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Motorists don't notice broken bulbs

A green car coming towards you02/11/12

By Dan Smith

Large numbers of motorists could be entirely oblivious to the fact that one or more of their vehicle's light bulbs has stopped working, according to a new study.

Of the more than 2,000 drivers surveyed, 35 per cent said one or more of their light bulbs had blown in the last year.

However, as many as 39 per cent of these drivers only realised their bulb had broken after somebody else mentioned it to them.

Driving with a non-functioning bulb can be dangerous and cost a significant amount on car insurance or result in an MOT failure, but this statistic suggests many drivers are unaware their bulbs may not be working.

Of the motorists who did not realise their bulbs had blown, friends had told 23 per cent of them, other drivers told 8 per cent of them and 3 per cent were informed of their bulb problem by the police and given a fine.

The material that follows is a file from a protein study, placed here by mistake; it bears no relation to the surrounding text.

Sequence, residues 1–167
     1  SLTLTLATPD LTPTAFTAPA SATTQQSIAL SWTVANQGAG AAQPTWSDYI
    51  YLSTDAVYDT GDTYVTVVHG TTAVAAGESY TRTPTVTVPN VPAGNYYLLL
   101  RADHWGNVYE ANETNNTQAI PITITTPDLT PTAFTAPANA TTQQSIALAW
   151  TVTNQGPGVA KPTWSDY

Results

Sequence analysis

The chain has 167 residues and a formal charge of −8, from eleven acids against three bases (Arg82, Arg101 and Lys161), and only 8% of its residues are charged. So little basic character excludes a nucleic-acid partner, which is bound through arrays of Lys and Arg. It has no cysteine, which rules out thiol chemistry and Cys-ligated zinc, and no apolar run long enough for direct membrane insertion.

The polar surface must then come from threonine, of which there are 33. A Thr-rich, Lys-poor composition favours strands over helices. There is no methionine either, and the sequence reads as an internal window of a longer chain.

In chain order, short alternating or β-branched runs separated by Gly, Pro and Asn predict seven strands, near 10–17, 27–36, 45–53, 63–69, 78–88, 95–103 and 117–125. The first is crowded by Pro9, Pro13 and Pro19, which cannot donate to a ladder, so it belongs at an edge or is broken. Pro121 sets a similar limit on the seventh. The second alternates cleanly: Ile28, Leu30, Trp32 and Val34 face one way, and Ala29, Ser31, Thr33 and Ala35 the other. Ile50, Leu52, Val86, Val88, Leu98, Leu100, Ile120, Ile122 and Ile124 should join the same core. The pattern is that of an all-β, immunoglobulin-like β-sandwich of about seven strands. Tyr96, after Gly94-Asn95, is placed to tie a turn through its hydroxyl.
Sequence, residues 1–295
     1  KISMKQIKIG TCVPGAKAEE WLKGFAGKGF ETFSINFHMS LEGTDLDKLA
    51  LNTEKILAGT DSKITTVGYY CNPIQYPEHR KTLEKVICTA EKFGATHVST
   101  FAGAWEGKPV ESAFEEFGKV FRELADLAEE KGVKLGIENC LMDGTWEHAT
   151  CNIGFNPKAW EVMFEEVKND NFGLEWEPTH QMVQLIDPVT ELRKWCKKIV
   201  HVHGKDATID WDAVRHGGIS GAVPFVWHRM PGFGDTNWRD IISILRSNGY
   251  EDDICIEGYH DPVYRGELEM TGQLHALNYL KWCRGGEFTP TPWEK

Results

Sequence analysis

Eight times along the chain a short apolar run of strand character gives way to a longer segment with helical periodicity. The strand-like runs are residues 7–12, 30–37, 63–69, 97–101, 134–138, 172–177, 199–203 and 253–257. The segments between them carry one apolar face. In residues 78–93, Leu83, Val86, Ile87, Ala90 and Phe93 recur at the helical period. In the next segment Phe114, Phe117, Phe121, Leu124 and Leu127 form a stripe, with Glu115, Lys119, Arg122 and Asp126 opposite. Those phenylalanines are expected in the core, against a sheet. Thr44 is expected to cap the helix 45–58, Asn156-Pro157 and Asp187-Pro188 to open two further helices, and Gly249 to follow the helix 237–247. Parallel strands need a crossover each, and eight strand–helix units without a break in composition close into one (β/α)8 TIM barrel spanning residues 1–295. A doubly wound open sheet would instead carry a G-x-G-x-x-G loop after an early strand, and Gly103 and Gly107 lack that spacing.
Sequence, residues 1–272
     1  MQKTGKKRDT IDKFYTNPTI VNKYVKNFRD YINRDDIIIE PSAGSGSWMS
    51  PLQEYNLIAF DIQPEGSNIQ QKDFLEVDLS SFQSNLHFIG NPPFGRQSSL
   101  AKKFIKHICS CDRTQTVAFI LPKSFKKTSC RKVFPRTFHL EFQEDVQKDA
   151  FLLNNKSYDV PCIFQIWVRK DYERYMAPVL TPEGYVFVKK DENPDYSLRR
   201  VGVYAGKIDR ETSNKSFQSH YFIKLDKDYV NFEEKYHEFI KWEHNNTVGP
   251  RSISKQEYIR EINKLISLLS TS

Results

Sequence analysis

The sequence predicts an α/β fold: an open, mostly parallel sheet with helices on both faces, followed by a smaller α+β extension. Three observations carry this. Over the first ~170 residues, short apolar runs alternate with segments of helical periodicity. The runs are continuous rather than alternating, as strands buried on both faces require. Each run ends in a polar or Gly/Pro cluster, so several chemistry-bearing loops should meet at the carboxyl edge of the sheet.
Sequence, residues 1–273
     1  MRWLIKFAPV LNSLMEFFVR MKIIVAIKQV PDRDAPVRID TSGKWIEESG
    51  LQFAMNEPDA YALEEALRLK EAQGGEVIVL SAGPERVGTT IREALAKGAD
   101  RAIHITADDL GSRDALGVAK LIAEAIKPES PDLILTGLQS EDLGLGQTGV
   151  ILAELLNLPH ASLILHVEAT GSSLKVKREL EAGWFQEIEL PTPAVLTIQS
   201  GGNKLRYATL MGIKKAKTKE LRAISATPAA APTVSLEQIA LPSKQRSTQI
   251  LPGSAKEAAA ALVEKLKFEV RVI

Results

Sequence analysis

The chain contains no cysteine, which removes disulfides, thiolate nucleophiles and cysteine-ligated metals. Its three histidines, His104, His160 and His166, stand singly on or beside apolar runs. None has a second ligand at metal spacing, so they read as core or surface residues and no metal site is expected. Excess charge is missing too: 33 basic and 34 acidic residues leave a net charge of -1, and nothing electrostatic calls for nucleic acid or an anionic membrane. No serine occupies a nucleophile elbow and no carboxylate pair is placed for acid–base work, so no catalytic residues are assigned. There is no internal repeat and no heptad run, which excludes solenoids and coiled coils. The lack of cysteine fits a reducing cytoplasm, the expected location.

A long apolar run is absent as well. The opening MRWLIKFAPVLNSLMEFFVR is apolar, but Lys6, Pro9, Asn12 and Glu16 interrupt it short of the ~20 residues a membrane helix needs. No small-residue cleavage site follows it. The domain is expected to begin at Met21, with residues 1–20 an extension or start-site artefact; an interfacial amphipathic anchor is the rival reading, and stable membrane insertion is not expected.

A good way to spot whether your lights are working properly is to check in the car's reflection, as 17 per cent of the motorists who noticed a problem did in the survey.

Another 14 per cent noticed a problem because of the car's inside warning light and 13 per cent recognised a smaller amount of light emanating from the vehicle at night.

As many as 41 per cent of males had suffered a blown bulb compared to 28 per cent of females, the Kwik Fit research found. However, it seems women are usually less aware of car light problems as only 35 per cent of males relied on others spotting their problems while 45 per cent of women did this.


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